A tensor network is a type of decomposition used to express and approximate large arrays of data. A given dataset, quantum state, or higher-dimensional multilinear map is factored and approximated by a composition of smaller multilinear maps. This is reminiscent to how a Boolean function might be decomposed into a gate array: this represents a special case of tensor decomposition, in which the tensor entries are replaced by 0, 1 and the factorisation becomes exact. The associated techniques are called tensor network methods: the subject developed independently in several distinct fields of study, which have more recently become interrelated through the language of tensor networks. The tantamount questions in the field relate to expressability of tensor networks and the reduction of computational overheads. A merger of tensor networks with machine learning is natural. On the one hand, machine learning can aid in determining a factorisation of a tensor network approximating a data set. On the other hand, a given tensor network structure can be viewed as a machine learning model. Herein the tensor network parameters are adjusted to learn or classify a data-set. In this survey we review the basics of tensor networks and explain the ongoing effort to develop the theory of tensor networks in machine learning.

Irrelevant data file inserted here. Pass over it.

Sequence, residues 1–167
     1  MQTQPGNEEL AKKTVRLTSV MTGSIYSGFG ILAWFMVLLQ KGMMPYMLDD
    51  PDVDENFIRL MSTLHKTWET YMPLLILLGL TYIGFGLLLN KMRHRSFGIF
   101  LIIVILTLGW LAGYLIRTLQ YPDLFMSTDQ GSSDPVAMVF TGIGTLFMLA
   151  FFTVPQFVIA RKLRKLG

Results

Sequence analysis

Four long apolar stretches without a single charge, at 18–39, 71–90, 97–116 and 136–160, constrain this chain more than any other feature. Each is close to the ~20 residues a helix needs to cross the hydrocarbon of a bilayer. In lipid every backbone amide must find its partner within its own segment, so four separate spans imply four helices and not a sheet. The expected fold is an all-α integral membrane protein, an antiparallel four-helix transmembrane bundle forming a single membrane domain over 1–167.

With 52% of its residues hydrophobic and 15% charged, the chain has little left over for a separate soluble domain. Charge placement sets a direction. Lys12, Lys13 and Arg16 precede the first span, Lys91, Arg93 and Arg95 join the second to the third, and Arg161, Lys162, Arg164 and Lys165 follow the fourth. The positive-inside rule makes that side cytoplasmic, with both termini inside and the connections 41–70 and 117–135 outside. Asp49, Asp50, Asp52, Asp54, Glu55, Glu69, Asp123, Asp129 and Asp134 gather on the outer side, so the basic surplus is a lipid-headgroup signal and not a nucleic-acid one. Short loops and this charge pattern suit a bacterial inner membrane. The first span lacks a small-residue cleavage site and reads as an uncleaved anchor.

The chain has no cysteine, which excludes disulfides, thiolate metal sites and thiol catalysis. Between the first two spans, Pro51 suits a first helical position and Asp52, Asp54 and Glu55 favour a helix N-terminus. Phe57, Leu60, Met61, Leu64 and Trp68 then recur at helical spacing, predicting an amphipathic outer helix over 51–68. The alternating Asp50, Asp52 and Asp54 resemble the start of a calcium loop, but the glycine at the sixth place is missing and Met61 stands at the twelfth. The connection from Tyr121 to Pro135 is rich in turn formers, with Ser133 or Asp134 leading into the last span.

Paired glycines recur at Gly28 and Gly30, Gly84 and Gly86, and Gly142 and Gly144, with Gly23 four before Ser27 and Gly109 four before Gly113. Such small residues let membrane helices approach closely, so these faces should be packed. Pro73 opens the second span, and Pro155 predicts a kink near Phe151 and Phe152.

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Richik Sengupta, Soumik Adhikary, Ivan Oseledets, Jacob Biamonte, Tensor networks in machine learning. Eur. Math. Soc. Mag. 126 (2022), pp. 4–12DOI 10.4171/MAG/101